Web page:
Public Safety Minister Marco Mendicino says he's open to discussing changes to the Canadian Security Intelligence Service's legal authority after the spy agency's chief signalled during the Emergencies Act inquiry that his organization needs "critical" reform.
CSIS's key mandate is to investigate activities suspected of constituting threats to the security of the country, and to report to the Government of Canada. But the definition in law of such threats under the Emergencies Act turned out to be a key point of contention during the inquiry.
During the Public Order Emergency Commission inquiry, CSIS director David Vigneault and deputy director of operations Michelle Tessier sat for an in-camera interview with lawyers representing the inquiry. In the course of that exchange, they were asked about potential reforms of the intelligence service.
According to a summary of that conversation, Vigneault "explained that one critical area for reform was modernization of the definition of a threat to the security of Canada."
Under CSIS's enabling law, such threats are defined as espionage or sabotage, foreign influence activities detrimental to Canada's interest, serious violence against persons or property "for the purpose of achieving a political, religious or ideological objective" in Canada or a foreign state, and activities intended to overthrow a government by violence.
Tessier told the commission that definition is outdated.
"In today's environment, we really need to be looking at the definition of threats to the security of Canada. It's more threats to Canada's national interests," says the summary of that joint interview.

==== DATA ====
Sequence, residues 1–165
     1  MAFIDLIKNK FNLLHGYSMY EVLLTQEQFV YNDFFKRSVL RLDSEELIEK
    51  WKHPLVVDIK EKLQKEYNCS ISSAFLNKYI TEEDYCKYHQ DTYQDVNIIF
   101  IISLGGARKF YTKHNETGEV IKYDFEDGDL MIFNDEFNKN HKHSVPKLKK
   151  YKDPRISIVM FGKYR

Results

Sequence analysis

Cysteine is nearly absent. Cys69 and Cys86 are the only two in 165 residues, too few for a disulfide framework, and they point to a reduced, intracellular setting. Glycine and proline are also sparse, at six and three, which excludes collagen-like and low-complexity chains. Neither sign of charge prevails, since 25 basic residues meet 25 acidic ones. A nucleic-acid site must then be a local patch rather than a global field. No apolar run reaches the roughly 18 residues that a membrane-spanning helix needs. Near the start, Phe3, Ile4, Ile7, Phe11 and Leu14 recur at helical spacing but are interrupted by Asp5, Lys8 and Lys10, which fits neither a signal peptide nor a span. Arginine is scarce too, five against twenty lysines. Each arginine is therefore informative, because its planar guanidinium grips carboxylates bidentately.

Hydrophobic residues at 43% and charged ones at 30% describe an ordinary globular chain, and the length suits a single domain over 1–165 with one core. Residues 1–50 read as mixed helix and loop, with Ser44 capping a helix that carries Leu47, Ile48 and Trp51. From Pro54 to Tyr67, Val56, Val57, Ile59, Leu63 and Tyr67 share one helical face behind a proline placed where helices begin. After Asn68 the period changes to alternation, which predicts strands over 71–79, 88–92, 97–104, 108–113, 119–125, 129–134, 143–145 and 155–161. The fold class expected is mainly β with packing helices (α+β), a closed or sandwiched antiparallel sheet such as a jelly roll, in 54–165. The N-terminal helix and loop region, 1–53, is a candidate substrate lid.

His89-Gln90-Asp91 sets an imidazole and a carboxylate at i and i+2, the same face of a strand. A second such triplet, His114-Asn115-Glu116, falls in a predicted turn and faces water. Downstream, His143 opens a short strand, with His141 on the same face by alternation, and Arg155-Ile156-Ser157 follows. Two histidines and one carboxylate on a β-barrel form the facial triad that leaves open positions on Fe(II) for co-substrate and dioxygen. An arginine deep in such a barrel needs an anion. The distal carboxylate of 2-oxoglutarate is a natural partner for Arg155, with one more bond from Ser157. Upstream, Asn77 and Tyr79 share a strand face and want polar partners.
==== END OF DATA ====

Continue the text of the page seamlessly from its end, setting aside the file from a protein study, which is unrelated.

The summary says Tessier called for a change to the definition of a threat to national security "to match the expanding expectations from the government for more information from the intelligence service, for example relating to economic security, research security and pandemic and health intelligence, because the definition in terms of threat currently can be quite narrow."
In an interview with CBC News, Mendicino said the federal government continues to assess CSIS's "authorities" to determine whether it needs additional tools to respond to evolving threats.
"That is something that I think we're all going to continue to reflect on and be laser-like focused on — understanding how ideological or politically extreme ideology can motivate individuals to take up the cause and become potentially violent," he said.
"How that then relates to revisiting certain laws and statutory authorities is going to be the subject of an ongoing conversation."
Mandate should be 'narrow, precise and clear': CCLA
Wesley Wark, a senior fellow with the Centre for International Governance Innovation, said that conversation is "absolutely necessary."
"I just don't think we can live with a 1984 model for this," he said, referring to the year the CSIS Act was written.
"The Cold War has gone, we're in a very different geopolitical environment. I think the public discussion around threats posed by intelligence agencies has probably matured and broadened a bit to a greater understanding."
Wark pointed to the security concerns that emerged during the pandemic and rising fears about economic security — ones that lawmakers in the 1980s couldn't have predicted.
"CSIS is increasingly being asked to play a major role in providing security advice to the private sector and academia about potential threats to research, potential threats to the control of data and intellectual property — all key economic security issues, again. And there's nothing in the current CSIS Act that actually allows them to do that," he said.
But Brenda McPhail, director of the Canadian Civil Liberties Association's privacy, technology and surveillance program, said she sees any expansion of the legal definition of a "threat to national security" as a power grab.